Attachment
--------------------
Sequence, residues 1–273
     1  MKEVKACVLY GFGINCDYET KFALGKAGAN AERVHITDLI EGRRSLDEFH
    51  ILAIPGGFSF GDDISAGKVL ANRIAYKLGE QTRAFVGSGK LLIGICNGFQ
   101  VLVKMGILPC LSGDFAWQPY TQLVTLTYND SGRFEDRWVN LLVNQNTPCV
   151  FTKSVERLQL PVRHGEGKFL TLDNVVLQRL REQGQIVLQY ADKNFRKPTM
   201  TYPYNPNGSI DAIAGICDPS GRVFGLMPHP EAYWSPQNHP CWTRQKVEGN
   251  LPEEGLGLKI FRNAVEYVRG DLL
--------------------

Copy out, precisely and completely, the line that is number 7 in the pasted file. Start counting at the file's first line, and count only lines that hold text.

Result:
   251  LPEEGLGLKI FRNAVEYVRG DLL